riding bitch

The life of a writer and survivor of loss.


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Knowing Yourself as a Writer

Last week was interesting. On Tuesday, I received notes from my managers on a television pilot that I’ve been writing for several months. At the end of the meeting, they asked me if I could turn the script around by Friday. “Next Friday?” I asked. “No, this Friday.” I said Yes, even though Friday was only three days later, and I was supposed to drive to NYC on Wednesday and return on Friday. I wasn’t 100% sure I could do it, but I was pretty sure… if I stayed calm and approached the next three days with focus and discipline.

To be fair, the notes weren’t extensive. Some were just tweaks, but a couple were definitely more than that. They would require research, new scenes, and new dialogue. And the whole script would need to be tweaked to accommodate these new scenes.

I started that afternoon after the meeting by going outside with my dog and just thinking about things. I wrote nothing for the rest of the day except some ideas on a yellow pad.

Wednesday morning, I transcribed the notes from the day before (I record these meetings on my phone, so I can listen to them later). I organized the notes into “easy fixes” and “not so easy fixes,” and for the rest of the day, made as many of the easy fixes as possible, checking them off as I went. In the afternoon I drove to NYC, using those three hours to again think about how to approach the rest of the notes. That night, I didn’t write. I ate dinner, watched TV with my family and fell asleep.

Thursday morning, I got up early, made my coffee (I’d actually brought my beans and french press to guarantee there would be no hiccups), and did research for the two new scenes I had to write. By mid-day I was ready to start writing for real.

Now, I don’t know how other writers work, but before I get into my draft with any structural or character changes, I first make those changes in the outline and character breakdown. I need to see the changes from a birds eye view. Only when I’m comfortable with how the changes look, feel and flow in these two documents do I open the screenplay.

So, I spent a couple of hours working on the outline and character breakdown, then another couple of hours working on the actual draft. Before taking a break to run errands and eat dinner, I printed out the script and put it aside. After dinner, I read the new draft, made notes, then spent a couple of hours that night revising.

Friday morning, I tweaked everything again, several times. I debated sending it before leaving, partly to get it off my shoulders and out of my mind, partly just in case something happened to me on the drive home – at least the draft would be delivered! But my instinct (and several wise Twitter followers) told me to wait until the EOD. Why rush?

Friday afternoon, I drove back home, arriving around 5pm ET. I still had 3 hours before EOD in Los Angeles.

Before unpacking, I printed the script AGAIN, read it, tweaked and tweaked (it was a good thing I waited). I emailed it to my managers at 7:00 pm EST.

And that was that!

I’m not sharing all this because it’s a big deal. It’s really not. But last week showed me that I am getting better at knowing for example: how long it takes me to do things, how best to approach the task at hand, how to stay organized, how to not panic, and so on.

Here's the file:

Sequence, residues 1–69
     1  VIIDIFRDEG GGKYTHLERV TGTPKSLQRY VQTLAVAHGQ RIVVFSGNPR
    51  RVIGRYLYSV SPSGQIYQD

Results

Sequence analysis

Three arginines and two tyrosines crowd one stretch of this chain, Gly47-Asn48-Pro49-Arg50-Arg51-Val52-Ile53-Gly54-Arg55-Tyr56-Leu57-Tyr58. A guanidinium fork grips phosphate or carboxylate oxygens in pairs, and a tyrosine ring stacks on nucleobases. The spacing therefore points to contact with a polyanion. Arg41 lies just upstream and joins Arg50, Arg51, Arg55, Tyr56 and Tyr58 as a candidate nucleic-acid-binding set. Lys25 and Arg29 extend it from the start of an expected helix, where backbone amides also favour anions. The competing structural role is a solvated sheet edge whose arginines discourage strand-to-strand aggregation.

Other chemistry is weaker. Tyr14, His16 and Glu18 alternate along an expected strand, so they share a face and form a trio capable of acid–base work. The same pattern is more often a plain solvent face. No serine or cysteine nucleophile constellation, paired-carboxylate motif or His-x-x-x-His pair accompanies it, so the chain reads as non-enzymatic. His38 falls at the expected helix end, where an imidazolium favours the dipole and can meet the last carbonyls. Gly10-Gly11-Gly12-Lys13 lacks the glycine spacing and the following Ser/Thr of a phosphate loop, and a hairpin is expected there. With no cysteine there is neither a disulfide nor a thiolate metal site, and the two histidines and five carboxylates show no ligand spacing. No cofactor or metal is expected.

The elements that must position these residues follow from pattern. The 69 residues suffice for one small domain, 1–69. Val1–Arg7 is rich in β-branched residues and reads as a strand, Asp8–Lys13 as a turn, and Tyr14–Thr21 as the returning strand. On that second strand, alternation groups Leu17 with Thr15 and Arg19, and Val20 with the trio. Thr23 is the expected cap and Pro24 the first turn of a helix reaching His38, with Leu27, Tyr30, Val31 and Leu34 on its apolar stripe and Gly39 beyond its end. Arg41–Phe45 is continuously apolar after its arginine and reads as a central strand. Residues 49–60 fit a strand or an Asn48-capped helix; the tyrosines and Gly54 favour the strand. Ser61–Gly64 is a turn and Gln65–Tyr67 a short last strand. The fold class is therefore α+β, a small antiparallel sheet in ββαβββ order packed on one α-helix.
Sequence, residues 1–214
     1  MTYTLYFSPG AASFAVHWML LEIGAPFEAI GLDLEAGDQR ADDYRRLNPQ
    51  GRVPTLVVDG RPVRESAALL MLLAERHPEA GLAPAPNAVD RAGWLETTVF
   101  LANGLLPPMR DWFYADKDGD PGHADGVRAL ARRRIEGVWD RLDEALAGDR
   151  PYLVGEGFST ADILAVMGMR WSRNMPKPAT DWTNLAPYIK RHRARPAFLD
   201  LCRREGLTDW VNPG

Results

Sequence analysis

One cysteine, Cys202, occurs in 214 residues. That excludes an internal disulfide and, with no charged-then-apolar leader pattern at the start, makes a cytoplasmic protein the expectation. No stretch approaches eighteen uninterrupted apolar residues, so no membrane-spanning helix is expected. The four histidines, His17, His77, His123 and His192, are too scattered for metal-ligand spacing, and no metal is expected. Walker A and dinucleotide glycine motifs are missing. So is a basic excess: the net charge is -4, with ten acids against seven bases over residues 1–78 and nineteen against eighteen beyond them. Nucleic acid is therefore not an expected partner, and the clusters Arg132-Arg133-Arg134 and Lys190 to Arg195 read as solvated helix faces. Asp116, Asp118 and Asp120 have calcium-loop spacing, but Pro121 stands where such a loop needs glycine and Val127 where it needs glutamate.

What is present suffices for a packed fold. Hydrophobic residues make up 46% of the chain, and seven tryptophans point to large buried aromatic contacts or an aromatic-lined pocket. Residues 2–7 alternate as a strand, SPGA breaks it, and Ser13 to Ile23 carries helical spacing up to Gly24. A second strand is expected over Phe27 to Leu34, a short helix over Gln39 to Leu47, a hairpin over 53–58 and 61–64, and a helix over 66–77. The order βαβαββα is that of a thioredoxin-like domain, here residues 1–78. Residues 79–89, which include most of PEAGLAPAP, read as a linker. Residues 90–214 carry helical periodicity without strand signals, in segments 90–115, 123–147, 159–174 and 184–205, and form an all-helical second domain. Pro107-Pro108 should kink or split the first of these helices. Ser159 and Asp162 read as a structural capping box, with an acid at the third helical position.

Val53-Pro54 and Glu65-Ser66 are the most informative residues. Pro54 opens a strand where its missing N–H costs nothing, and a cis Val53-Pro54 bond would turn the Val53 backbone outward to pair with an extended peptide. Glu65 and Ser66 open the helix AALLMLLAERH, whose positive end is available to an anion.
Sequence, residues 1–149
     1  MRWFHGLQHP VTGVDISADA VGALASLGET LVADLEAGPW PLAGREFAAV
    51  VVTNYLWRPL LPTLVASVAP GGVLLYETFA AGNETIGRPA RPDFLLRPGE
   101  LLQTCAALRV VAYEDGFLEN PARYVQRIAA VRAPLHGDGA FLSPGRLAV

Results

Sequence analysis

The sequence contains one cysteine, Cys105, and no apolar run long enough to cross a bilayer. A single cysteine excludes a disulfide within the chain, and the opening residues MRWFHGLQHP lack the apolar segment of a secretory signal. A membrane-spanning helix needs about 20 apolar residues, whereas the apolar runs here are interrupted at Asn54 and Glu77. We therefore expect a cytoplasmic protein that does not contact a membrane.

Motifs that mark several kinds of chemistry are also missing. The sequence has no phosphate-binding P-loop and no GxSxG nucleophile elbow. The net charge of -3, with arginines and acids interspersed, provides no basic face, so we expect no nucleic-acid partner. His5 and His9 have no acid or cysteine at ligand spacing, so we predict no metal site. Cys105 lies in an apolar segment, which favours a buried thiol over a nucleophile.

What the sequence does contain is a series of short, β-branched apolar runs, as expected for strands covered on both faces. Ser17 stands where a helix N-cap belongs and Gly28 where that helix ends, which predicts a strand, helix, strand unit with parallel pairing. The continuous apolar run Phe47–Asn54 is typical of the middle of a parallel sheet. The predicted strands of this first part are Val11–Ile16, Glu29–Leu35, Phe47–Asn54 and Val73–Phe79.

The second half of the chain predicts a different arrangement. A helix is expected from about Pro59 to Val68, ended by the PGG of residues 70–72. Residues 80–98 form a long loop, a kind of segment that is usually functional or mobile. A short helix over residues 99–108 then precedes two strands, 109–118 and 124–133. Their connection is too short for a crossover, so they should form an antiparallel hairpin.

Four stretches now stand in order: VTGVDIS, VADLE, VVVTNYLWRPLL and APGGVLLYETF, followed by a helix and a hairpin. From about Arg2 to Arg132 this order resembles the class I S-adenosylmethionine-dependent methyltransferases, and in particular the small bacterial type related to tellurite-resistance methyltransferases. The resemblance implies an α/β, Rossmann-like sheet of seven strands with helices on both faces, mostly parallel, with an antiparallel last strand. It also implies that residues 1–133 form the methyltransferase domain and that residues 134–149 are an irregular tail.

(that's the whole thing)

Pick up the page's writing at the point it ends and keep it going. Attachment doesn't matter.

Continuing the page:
Will the managers like the new draft? Who knows. It’s all part of the process. I’m just happy I did what I said what I would do. And happy that I’m getting better at knowing myself as a writer.

Have a great week, everyone!


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A Literary Life

typewriters-vintage-retro-style-wood-wallpaper-previewA couple of weeks ago, I was walking with a new writer friend who is disillusioned with her day job. When she said she’s craving a literary life, I responded with an enthusiastic YES! And we mused on what that would actually look like.

My definition of a literary life is one where you make a living as a writer. Perhaps I’m a romantic, but a true literary life also means you’re writing projects that you want to write, as opposed to just writing for money (a combination of both is acceptable).

Examples of people who led/lead literary lives, some more happily than others: Joan Didion, Stephen King, Virginia Woolf, Gabriel Garcia Marquez, Toni Morrison, Ernest Hemingway, Ronan Farrow, Shirley Jackson, and countless others.

Ironically, since the pandemic hit and quarantine life began, I’ve been living a semi-literary life, at least getting a taste of it. Being sent home to work and having a light workload afforded me much more time to myself, not to mention the general shutdown of everything and inability to go anywhere.

For the first time, I was home all day and still collecting a paycheck. My time was not entirely my own; I still had to check work emails and be available for conference calls, etc. But this took up only a fraction of the day. The rest of the time I was almost living That Life.

What does a literary life mean exactly? For one thing, it means a lot – and I mean A LOT – of time alone (the primary reason why this life isn’t for everyone).

I live alone so this is easy, but even if I had a partner or roommate, I would still need to spend a large part of my day by myself. Often I wonder if I’ll ever meet another partner who understands and is able to respect my need for long stretches of solitude.

While alone, I am mostly thinking, also watching movies or television shows,  making notes, researching, outlining, reading, talking to myself, and, yes, writing.